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Ah, the teapot tempests we get ourselves involved in. :(


I know that when dealin' with fellow adults behaving badly, most of us want to behave as though we are colleagues and neighbors. When yeh have a neighbor who behaves badly, the polite thing most of the time is to be non-confrontational, accommodating, and work around the person. Same with a co-worker, eh? Yeh go along to get along.


That, however, is not your role in these circumstances, Crossramwedge. When yeh signed on as COR, yeh agreed to be the boss, not a co-worker. The obstreperous parents are not neighbors, they are guests on property that you are responsible for, and have promised to take care of on behalf of the Chartered Partner. Your role as COR is to act on behalf of the IH so that he doesn't have to deal with this sort of nonsense, eh? Yeh should let him know what's goin' on or sound him out so nobody tries any end-runs, but after that, yeh act.


This doesn't have to be all dramatic and angsty. Yeh behave calmly and professionally. If there is to be a meeting, you call the meeting and invite those committee members who are making a spectacle of themselves. Bring your district commissioner if yeh like. At the meeting, yeh talk about the goals and principles of the church, your collective desire to see good things happen for kids. Yeh acknowledge their concerns about the SPL and their right to feel that way and let 'em know yeh understand completely, and that people of good will sometimes disagree. Then yeh thank them for their service and let 'em know that since they feel as strongly as they do, their services are no longer required and they have been removed from the troop committee effective immediately. Collect their keys, literal or metaphorical, walk 'em to the door, and let 'em know that the district commish is there to help them find a new troop if they so choose.


Then yeh send out a general communication to the troop, explaining in a non-confrontational and professional manner what happened, what action the scoutmaster took, your consulting with the district and a number of other scouters and the position of the chartered organization supporting the scoutmaster. Then yeh let 'em know what actions have been taken, calmly and professionally.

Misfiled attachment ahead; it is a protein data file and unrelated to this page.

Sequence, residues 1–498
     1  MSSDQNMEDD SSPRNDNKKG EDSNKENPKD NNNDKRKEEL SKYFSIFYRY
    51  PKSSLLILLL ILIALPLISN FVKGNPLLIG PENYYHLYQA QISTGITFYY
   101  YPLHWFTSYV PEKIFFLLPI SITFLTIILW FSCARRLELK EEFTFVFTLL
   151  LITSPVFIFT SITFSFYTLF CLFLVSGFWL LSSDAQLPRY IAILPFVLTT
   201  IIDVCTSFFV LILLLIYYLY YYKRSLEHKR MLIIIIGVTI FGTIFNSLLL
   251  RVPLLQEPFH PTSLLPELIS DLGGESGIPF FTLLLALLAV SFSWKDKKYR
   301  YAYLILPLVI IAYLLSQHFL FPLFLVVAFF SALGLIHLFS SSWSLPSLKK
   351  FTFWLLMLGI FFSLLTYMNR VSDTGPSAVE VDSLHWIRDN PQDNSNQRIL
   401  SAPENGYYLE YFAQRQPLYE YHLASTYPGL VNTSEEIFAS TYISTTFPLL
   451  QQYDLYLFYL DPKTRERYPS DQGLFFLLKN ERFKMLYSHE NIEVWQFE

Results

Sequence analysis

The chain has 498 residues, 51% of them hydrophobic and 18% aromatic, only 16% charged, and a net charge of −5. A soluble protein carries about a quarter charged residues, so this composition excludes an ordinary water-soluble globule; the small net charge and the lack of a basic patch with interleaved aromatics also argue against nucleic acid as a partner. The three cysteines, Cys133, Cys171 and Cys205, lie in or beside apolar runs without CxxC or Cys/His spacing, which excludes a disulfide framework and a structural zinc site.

Yeh probably should have done this some time ago, eh? It's da sense that there is an "opening" that drives this sort of behavior, and that "opening" happens when people try to be accommodating to others' poor behavior. Treatin' 'em as neighbors and co-workers, when your real job in this situation is to be the gent who compassionately but firmly delivers the pink slips.




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I agree with Beav, except that you may not have been able to avoid the impression of a "chink in the armor." Lynch mobs often interpret deliberation as inaction and there may not be anything you can do about it. If you would have said "we're doing x" at the outset, they would say you were thoughtless and irresponsible!


Also, in church terms, there are "prophets" who rail on an institution if it's more prone to dispense grace than judgement. If you're lucky, all of the stone throwers actually worship elsewhere. If not, well, let's just say your church board is going to need some additional patience over the next several decades.


Regardless, let your IH note the stance you and the SM are taking. Explain that this is based on everything you learned from what is taught on the pulpit. Move on from there.

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I am always amazed at how these things snowball. Last year a Patrol tried a double entendre NSP Patrol name. It eventually got squashed but not before I as NSP "advisor" had alienated the parents that were outraged and the folks who thought boys will be boys. The first group was mad when I let it happen the 2nd group when I said no. I followed up with a "cute" email that pleased no one.


I really took a lot of heat and there was talk of removal.


The SM later pulled me aside and said (1) some things are best ignored and (2) should have bumped it to the SPL who would have probably said no.


Now I back the SM and SPL as much as possible. I am polite and firmer in dealing with parents ("we have to let the boy make mistakes, etc" speech) and explain how the committee etc works.


But what a mess over such a stupid matter. It is so hard to get the parties to step back and see the big picture. I real feel for you and wish you and the SM luck; I do agree you need to throw your weight around more as suggested.


Facebook, cyber-bullying, camera phones have all been new issues we have had to wrestle with in our Troop and Church Youth Group as well. While none of the behaviors are exactly new the technology disseminates things so much faster and widely that incidents get blown up so much faster. If you meet once a week a "crisis" can brew up in that short time.


We are growing men of character but do not expect them to be angels. It can be a crooked path. A lot of parents do not understand this. The SPL is 16! What do they expect?

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